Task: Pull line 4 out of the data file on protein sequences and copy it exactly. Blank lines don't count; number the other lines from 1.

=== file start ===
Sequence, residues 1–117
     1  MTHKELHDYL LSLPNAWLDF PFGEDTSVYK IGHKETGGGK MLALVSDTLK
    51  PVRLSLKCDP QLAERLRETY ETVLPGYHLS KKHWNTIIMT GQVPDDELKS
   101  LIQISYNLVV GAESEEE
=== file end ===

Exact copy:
   101  LIQISYNLVV GAESEEE